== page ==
INDIA v/s ENGLAND: PART DEUX

0

The title of this article could be a bit misleading, but now that you- dear reader- are here, let us ponder over the cruel irony that is Indian Cricket.

Part Deux, not at all. The game, series and entire history favours the visitors after an England tour that no Indian player, fan, commentator or citizen wants to remember. There is no part two, after such a brutal part one- where India couldn’t do what West Indies did within their second game of the England tour- win an international game.
Nevertheless, England will be here for an almost meaningless One-Day series that starts from October 14th. We, the Lions at home, will try and continue to do what we have always done best- preserve our status in familiar conditions.
Before we go over a small preview of this impeding international series in between the orgy of T20 tournaments, let us read through a few simple facts:

Give me that, my own light is blinding me

Over the last few years, when India reached the number One ranking in Tests and number Two in ODIs, here are the Test series they played: Australia 2-0 at home, New Zealand 0-1 Away, Sri Lanka 1-1 Away, South Africa 1-1 Away, Sri Lanka 2-0 at Home, Bangladesh 0-2 Away, West Indies 0-1 Away, South Africa 1-1 at Home and finally 0-4 England AWAY. What do you see here? Competent performances that illustrate the grittiness of a tough team that refuses to lose. But how much have they really won? Have they truly been ruthless enough or have they just about managing to hold onto their rankings?
Meanwhile, England have climbed up to a ranking that seemed inevitable after they won the previous Ashes series with a depleted squad: 2-1 Ashes at Home, 1-1 South Africa Away, 2-1 South Africa at Home, 3-1 Pakistan at Home, 1-3 Ashes Away, 2-0 Sri Lanka at Home, 4-0 India at Home.

I rest my case. 

India: (Rank 5) 

Going into the series, India have more players unfit than ever before. And we thought it couldn’t get worse after the tour ‘up under’. A bright spot: Harbhajan Singh has finally been dropped, after playing on reputation for two years. India have a virtually unrecognizable squad here, from the team that won the World Cup (which seems light years away now). I can almost sense Indian fans and loyalists breathing a sigh of relief for the fact that Dravid has officially retired from ODIs- because considering the look of the current team, he’d have been first pick to ‘guide the team through difficult times’. Enough, he said. Enough, we say.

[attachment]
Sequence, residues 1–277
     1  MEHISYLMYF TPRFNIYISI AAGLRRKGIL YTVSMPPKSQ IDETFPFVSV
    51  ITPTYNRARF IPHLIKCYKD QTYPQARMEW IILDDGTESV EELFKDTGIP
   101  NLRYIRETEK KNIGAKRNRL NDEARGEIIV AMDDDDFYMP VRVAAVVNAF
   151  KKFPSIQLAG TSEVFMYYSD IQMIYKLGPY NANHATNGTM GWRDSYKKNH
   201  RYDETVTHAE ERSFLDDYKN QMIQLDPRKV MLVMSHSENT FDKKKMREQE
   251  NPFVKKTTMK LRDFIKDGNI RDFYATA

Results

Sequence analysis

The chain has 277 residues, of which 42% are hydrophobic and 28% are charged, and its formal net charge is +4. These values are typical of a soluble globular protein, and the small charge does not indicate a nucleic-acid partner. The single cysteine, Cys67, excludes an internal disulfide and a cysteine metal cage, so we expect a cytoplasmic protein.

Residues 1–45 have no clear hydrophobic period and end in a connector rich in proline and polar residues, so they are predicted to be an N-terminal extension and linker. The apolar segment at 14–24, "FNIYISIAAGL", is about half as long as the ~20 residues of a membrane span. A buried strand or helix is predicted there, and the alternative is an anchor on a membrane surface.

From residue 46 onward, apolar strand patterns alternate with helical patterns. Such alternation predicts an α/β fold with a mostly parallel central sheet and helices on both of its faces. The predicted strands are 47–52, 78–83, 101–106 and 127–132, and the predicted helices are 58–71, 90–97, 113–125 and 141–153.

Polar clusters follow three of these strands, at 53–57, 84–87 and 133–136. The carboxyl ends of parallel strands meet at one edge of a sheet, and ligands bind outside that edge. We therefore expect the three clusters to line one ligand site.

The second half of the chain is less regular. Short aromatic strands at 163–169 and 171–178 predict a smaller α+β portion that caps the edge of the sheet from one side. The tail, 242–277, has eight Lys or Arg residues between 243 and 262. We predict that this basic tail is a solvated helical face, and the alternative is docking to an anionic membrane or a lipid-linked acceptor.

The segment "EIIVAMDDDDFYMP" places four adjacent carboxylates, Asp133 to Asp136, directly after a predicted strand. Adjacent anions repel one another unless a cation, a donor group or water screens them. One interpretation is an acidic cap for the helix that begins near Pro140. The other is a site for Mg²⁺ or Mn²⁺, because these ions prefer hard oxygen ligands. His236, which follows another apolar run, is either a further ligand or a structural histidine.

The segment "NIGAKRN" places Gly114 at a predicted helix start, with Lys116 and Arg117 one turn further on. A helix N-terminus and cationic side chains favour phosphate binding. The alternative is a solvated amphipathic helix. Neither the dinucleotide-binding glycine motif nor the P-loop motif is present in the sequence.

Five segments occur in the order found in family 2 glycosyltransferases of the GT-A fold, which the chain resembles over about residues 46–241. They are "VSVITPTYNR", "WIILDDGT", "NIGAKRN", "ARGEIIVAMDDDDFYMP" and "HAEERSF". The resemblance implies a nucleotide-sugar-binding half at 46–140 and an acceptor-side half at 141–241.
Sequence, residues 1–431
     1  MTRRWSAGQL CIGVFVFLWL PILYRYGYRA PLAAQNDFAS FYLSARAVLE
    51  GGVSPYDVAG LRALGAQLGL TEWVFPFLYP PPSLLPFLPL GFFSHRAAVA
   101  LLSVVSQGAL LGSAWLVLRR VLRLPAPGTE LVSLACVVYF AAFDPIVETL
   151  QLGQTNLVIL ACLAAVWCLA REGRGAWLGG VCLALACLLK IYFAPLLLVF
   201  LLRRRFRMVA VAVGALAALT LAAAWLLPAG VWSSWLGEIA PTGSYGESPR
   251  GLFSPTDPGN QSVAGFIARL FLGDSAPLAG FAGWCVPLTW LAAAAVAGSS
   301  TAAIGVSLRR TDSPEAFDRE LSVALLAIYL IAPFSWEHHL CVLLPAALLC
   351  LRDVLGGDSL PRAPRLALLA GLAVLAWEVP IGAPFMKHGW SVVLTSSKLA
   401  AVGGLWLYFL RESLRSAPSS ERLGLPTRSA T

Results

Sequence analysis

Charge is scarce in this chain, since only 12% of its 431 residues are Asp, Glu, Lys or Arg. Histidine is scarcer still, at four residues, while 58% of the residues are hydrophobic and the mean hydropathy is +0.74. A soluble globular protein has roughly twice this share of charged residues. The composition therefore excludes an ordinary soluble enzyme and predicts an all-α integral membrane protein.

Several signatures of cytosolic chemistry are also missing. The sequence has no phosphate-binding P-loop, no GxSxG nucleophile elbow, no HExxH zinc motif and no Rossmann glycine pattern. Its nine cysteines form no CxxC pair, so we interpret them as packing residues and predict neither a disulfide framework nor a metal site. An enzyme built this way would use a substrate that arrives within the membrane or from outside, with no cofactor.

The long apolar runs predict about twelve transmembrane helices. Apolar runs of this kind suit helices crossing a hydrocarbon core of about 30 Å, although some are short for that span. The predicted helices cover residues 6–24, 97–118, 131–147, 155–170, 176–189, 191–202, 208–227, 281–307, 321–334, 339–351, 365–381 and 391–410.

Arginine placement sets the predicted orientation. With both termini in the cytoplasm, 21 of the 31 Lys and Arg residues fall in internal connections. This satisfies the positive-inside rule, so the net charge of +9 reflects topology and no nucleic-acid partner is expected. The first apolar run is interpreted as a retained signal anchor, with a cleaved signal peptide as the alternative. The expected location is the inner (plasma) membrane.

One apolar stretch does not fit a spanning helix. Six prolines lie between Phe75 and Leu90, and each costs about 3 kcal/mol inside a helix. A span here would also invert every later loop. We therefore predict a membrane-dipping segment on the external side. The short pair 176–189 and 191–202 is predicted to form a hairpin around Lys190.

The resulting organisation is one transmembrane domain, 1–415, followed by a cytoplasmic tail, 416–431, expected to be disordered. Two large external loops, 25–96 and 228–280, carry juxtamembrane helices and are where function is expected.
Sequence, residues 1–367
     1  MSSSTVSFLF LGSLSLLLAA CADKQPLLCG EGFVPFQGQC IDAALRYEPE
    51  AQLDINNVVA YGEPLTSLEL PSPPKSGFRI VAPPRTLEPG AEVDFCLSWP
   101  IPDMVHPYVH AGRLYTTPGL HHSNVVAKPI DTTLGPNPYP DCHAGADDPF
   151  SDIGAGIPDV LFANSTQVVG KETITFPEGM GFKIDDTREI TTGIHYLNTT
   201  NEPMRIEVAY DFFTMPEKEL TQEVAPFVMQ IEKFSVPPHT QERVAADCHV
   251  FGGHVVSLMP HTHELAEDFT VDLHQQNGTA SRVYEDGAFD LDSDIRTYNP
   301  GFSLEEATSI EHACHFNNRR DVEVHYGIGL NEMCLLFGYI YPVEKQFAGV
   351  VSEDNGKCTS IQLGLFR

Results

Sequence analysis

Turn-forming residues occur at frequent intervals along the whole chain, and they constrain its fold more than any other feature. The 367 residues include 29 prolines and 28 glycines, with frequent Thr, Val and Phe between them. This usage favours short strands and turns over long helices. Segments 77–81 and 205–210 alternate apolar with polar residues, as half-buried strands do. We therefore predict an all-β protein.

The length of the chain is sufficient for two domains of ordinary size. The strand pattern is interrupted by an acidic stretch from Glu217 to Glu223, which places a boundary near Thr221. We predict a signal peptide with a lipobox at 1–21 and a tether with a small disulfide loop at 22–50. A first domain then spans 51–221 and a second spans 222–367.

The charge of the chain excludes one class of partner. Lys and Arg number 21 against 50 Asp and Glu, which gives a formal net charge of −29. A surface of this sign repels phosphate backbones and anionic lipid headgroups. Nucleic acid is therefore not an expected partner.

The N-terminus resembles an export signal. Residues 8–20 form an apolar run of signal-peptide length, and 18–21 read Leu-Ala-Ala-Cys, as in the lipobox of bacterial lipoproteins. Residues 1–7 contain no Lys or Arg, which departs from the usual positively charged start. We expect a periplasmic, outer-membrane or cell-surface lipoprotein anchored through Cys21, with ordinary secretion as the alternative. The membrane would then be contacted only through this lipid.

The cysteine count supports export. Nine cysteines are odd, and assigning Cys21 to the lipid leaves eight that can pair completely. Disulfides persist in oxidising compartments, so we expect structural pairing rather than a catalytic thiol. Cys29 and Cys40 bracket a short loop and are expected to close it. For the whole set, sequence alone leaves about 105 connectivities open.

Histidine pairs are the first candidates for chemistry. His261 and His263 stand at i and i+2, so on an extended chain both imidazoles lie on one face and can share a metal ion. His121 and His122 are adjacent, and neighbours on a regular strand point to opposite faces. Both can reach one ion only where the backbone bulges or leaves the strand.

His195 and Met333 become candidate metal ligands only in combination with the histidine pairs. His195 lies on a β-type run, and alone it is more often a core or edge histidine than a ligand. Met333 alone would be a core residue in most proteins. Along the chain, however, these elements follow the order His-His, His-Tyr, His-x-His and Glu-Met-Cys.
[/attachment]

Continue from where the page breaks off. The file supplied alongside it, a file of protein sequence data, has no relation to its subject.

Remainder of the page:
Just another day in the Indian Office

IN a few surprise picks that are not so surprising anymore, Rahul Sharma- the Leg Spinner that made a mark in IPL 2011 for Pune- has been given preference over Amit Mishra, atleast for the first two ODIs. S Aravind, more of a domestic find (lesser of the two evils), finds himself in a tussle with Varun Aron for first-team ‘tearaway’ pacers.
The expected exclusions out of injury, heartbreak, fatigue, money or choice are those of Yuvraj Singh, Sachin Tendulkar, Virender Sehwag, Zaheer Khan, Rohit Sharma and Munaf Patel. No, I wasn’t naming our main team. Those are the guys who WON’T PLAY.

Meanwhile, the man everyone loves to hate (except Dhoni) Ravindra Jadeja is back on the strength of one crucial performance in England that saw India ‘not lose’ the only game on that tour. Good for him, we say. He won’t last too long again. Hopefully.
Inexplicably, Ashish Nehra has been left out again. This, after we have NONE of the bowlers that won us the World Cup. Not even one. He surely can’t do worse than RP Singh.

(As this goes to press, MS Dhoni, Suresh Raina and Kohli are still playing in CL 2011. And they are yet to be injured. Or tested. Just saying)  

England: (Rank 4) 

Led by newly-born limited overs specialist Alistair Cook, the squad has only added to their forepower after winning the ODI series 3-0. After they are done dismantling an inexperienced (does it matter?) West Indian side back home, they will arrive here with Kevin Peiterson. That should be enough, as far as their batting line-up is concerned. Eoin Morgan will be missed, but Bopara seems to be filling in that place well.
Their bowling is of major concern. Not to us, for once. Stuart Broad is out of the series and so is James Anderson, who has been rested respectfully. Around 55% of the Indian batsmen must be breathing easy by now. Though lately, England’s bench strength has begun to resemble that of their Ashes rivals, with a rebuilding process having started very slyly for their ODI future. It is a surprise that Strauss won’t be there, but they have the likes of Keiswetter, Bairstow and Trott to take care of the flat Indian wickets.

Anything but Meeker

Conclusion:

Atleast THREE English names have never been heard prior to this (Borthwick, Meaker and Woakes), but that doesn’t mean a thing until the ‘young’ Indian squad get things right on the field for a change. Also, it could be the fact that these Englishmen are originally from Ireland, Scotland, Wales or South Africa- like the other 86% of their squad. Well, one way or the other, they have put their ‘conquering past’ to good use. Mother Land, indeed.

If the Indian youngsters fail to impress for the first two ODIs, I suggest pulling Sachin Tendulkar out of his temporary retirement and out of his new Bandra bungalow, snatching away Yuvraj’s drink in a new nightclub, and making Zaheer play with a prosthetic hamstring. Rohit Sharma? Cut off the faulty finger. Problem Solved.